Lead author Paul Leigh -- a professor of public health sciences affiliated with the University of California, Davis, Center for Healthcare Policy -- said workers' compensation insurance is not used nearly as much as it should be to cover the multibillion-dollar cost of workplace illnesses and injuries.
Leigh and colleagues found the total annual costs for occupational injuries and illnesses in 2007 were nearly $250 billion, and 21 percent -- or $51.7 billion -- of those costs were covered by workers' compensation. The remaining 79 percent -- $198 billion -- is paid by:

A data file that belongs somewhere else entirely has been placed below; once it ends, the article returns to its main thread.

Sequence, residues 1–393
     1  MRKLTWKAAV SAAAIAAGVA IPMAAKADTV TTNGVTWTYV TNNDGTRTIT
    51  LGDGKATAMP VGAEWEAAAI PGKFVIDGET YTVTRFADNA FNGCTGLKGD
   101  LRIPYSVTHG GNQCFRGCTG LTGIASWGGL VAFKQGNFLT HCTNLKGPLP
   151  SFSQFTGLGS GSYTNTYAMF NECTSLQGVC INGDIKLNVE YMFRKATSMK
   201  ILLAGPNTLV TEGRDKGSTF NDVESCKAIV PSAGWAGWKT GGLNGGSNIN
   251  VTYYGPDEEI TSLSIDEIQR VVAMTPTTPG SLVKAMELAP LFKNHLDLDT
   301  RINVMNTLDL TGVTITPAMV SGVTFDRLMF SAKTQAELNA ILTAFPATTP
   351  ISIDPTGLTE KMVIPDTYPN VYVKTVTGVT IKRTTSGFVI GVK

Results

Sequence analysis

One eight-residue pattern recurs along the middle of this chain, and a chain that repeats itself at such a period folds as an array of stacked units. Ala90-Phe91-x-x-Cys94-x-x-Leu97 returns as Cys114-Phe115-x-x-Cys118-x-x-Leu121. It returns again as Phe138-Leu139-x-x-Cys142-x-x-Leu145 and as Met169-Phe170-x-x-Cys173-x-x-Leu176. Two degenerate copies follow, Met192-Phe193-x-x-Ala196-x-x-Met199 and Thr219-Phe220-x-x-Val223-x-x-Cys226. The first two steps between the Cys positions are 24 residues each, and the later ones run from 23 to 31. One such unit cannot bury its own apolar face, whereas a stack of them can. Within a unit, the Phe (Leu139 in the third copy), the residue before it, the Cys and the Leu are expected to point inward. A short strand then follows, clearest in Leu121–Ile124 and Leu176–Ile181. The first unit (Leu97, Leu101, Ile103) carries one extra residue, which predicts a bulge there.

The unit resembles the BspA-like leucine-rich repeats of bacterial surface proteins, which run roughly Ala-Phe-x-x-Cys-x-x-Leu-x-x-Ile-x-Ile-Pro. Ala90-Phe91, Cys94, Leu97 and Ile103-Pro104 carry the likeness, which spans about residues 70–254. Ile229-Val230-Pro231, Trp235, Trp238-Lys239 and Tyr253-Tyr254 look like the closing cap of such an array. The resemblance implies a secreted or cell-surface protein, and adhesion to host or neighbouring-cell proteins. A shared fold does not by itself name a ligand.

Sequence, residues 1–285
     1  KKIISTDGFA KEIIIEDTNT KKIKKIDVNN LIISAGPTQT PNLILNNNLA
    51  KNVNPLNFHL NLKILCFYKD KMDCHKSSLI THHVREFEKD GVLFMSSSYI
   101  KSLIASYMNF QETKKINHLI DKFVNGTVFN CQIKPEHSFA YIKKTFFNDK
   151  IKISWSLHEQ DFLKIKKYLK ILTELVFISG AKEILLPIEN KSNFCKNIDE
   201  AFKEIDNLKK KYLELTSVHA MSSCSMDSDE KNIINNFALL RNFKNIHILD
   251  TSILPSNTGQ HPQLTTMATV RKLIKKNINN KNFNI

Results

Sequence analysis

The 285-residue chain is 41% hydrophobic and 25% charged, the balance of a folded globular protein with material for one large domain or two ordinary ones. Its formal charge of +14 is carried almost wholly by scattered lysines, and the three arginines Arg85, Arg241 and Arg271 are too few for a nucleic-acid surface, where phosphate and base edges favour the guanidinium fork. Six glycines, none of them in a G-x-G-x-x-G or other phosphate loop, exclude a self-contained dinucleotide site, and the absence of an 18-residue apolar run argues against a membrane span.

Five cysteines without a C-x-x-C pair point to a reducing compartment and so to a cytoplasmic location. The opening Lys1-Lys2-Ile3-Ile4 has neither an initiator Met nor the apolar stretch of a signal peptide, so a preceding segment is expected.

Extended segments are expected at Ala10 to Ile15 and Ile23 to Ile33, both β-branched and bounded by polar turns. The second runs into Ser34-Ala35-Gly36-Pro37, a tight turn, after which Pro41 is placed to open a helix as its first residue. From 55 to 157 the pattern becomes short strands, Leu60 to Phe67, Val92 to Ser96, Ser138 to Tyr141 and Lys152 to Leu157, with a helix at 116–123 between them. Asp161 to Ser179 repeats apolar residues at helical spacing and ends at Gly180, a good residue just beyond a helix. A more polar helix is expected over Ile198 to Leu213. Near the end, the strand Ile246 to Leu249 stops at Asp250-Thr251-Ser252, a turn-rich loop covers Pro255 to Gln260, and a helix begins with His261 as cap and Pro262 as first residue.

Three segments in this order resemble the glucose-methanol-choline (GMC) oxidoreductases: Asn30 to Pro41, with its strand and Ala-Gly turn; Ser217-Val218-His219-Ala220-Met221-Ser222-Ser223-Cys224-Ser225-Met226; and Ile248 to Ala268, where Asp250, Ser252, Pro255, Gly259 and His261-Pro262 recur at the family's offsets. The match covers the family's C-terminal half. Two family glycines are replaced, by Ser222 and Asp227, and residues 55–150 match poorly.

-- Other non-workers' compensation health insurance: $14.22 billion.
-- Workers and their families: $10.38 billion.
-- Medicare: $7.16 billion.
-- Medicaid: $5.47 billion.
-- $160.68 billion in lost productivity was covered by other sources, including workers and their families, the Social Security Disability fund and state disability funds.
"Cost-shifting affects everyone, because we're all paying higher Medicare and income taxes to help cover that 79 percent," said Leigh said in a statement. "Workers' injuries and illnesses cost much more than what current workers' compensation payments suggest, and the resulting low premiums provide little incentive for companies to promote workplace safety."
The findings were published in the Journal of Occupational and Environmental Medicine.